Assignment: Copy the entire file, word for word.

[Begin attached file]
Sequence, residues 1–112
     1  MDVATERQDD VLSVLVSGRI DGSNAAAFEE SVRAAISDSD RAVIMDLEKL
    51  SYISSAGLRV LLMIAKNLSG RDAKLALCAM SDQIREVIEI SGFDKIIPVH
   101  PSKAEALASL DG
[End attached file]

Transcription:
Sequence, residues 1–112
     1  MDVATERQDD VLSVLVSGRI DGSNAAAFEE SVRAAISDSD RAVIMDLEKL
    51  SYISSAGLRV LLMIAKNLSG RDAKLALCAM SDQIREVIEI SGFDKIIPVH
   101  PSKAEALASL DG